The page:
Tiny microfossils such as these benthic foraminifera from deep sea sediment cores provide a long-term isotopic record of ice volume and global temperatures.

Changes in the Earth's orbit drives sudden, oscillating climate change

This global cooling culminated in a series of step-like, sudden, climatic changes over the last two and a half million years as the climate began to ‘seesaw’ from cool to warm and the massive polar ice caps expanded and contracted. This period includes the Quaternary Period and the latter is therefore characterised by very variable climatic conditions. At the latitude of northwestern Europe the warmer periods are known as temperate stages (or interglacials – periods between glaciations) and the colder periods as cold stages (or glacials).

The overriding controls on such vast variation in climate that has occurred during the Quaternary are three predominant characteristics of the earth’s astronomical position relative to the sun, which vary cyclically over time on different wavelengths (e.g. see the readable account in Imbrie, J. and Imbrie, K.P. 1979. Ice Ages: solving the mystery. Macmillan, London). This theory, first adequately proposed by a Serbian mathematician, Milutin Milankovitch, who spent over 30 years perfecting it – publishing detailed accounts in the 1930s and 40s, was not confirmed (or widely accepted) until the 1970s. It is these astronomical variables that have been forcing our climate during the Quaternary and the sudden reversals in trend and the step like pattern is the product of vast positive and negative feedback systems operating in the climate system.

The effect of these climatic changes is spatially dissimilar (i.e. in different parts of the world the climate has reacted differently – perhaps becoming wetter or drier rather than colder and warmer) and also their periodicity has altered over time during the Quaternary; but in northwestern Europe the last 750,000 years have been characterised by long periods (c.100,000 years) of cold climates interspersed with shorter periods (c.10-15,000 years) of warmer conditions. Viewed against current fears of global warming (currently believed to have been less than 1ºC in the last 100 years) then it gives us a chilling insight into the actual geological evidence which suggests that over 90% of the last 750,000 years has been very cold at our latitude (with mean annual air temperatures dropping well below zero).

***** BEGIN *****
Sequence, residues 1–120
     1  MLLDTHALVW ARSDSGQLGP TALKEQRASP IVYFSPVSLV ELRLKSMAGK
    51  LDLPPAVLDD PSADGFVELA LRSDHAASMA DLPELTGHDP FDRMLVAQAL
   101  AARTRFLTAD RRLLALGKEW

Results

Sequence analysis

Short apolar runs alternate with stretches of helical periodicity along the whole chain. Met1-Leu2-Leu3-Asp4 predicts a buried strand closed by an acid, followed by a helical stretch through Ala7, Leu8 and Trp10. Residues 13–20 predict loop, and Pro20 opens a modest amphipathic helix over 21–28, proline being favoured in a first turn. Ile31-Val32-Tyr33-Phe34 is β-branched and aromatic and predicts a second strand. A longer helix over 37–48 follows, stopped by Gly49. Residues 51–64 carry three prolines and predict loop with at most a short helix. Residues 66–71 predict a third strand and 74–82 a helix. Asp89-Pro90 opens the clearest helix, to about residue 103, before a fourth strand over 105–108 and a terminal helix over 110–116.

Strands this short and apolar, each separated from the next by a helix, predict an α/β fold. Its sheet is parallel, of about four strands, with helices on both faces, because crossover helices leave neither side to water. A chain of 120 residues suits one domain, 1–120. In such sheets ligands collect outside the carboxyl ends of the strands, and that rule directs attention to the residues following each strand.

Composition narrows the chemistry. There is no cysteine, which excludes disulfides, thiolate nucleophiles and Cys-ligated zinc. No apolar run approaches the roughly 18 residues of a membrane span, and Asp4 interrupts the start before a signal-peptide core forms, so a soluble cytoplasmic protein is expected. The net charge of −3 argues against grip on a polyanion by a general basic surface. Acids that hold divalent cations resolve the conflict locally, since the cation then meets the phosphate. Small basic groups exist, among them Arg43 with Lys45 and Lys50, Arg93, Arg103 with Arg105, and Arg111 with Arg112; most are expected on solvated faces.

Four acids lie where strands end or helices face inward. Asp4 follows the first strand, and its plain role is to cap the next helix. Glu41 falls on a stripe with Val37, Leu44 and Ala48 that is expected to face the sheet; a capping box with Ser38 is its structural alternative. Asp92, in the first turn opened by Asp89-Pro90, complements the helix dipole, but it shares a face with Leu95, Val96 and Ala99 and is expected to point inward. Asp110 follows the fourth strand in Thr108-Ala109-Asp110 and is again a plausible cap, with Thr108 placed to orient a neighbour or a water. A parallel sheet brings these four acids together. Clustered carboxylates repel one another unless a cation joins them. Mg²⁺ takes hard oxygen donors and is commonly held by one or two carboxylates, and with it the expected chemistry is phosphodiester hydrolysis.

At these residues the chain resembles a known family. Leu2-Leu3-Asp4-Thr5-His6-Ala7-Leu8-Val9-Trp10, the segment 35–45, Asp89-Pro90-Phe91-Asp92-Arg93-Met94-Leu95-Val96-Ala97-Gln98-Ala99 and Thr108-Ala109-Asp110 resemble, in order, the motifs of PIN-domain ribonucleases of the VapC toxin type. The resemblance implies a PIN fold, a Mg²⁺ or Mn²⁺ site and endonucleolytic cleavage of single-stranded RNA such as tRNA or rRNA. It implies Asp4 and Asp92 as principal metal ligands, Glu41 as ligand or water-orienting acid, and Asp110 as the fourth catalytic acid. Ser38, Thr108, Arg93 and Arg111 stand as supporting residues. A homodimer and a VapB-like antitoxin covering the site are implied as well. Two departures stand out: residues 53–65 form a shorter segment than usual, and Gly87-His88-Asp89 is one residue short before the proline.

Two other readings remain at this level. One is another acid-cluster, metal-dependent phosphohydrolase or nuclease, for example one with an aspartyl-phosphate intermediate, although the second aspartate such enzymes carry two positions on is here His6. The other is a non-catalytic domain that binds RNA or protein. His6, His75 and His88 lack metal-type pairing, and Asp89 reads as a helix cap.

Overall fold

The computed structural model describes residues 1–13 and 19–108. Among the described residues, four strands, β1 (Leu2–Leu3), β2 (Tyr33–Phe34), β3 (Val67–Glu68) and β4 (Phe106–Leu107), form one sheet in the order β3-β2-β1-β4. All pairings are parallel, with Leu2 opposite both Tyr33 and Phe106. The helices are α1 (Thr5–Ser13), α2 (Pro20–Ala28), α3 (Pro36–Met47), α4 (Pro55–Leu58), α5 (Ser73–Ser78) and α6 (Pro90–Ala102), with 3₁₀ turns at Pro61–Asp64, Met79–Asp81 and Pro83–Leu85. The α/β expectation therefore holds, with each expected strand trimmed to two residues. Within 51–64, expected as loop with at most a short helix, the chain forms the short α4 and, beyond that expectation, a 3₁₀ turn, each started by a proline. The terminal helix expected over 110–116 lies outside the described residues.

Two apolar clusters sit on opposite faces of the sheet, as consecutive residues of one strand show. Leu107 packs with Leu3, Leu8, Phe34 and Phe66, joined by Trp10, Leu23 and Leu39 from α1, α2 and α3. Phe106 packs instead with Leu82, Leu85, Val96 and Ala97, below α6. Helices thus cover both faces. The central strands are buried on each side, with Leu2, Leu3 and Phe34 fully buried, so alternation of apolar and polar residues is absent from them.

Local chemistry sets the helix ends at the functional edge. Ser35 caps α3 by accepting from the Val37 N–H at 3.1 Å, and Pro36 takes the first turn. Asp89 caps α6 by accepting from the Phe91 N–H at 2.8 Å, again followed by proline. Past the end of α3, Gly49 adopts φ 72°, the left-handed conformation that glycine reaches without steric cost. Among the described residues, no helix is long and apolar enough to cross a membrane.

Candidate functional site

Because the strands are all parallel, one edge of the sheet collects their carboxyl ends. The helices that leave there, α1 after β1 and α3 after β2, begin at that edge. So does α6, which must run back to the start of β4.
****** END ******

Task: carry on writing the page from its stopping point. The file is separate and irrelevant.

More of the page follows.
Anthropogenic climate change

It is thought by some that any trend in global warming will be easily outweighed by much more important overlying trends and climatic feedback systems. However, the problem is one of timescale and it is difficult to predict how human-caused changes will interact over the short and long-term with the sorts of natural variations that have been discovered through study of the Quaternary record. Of course we cannot tell exactly how our climate will respond to gross human disturbance of atmospheric chemistry: climate modelling gives us a predicted range of global warming for the near term; but from study of past climates we know that the climate system can shift drastically when certain thresholds are crossed and ‘run-away’ feedback processes take hold, taking the climate quickly to a warmer or colder state. Whether human effects could eventually trigger a threshold-style change leading to a very different global climate is an important question and one that study of the Quaternary climate record can help to address.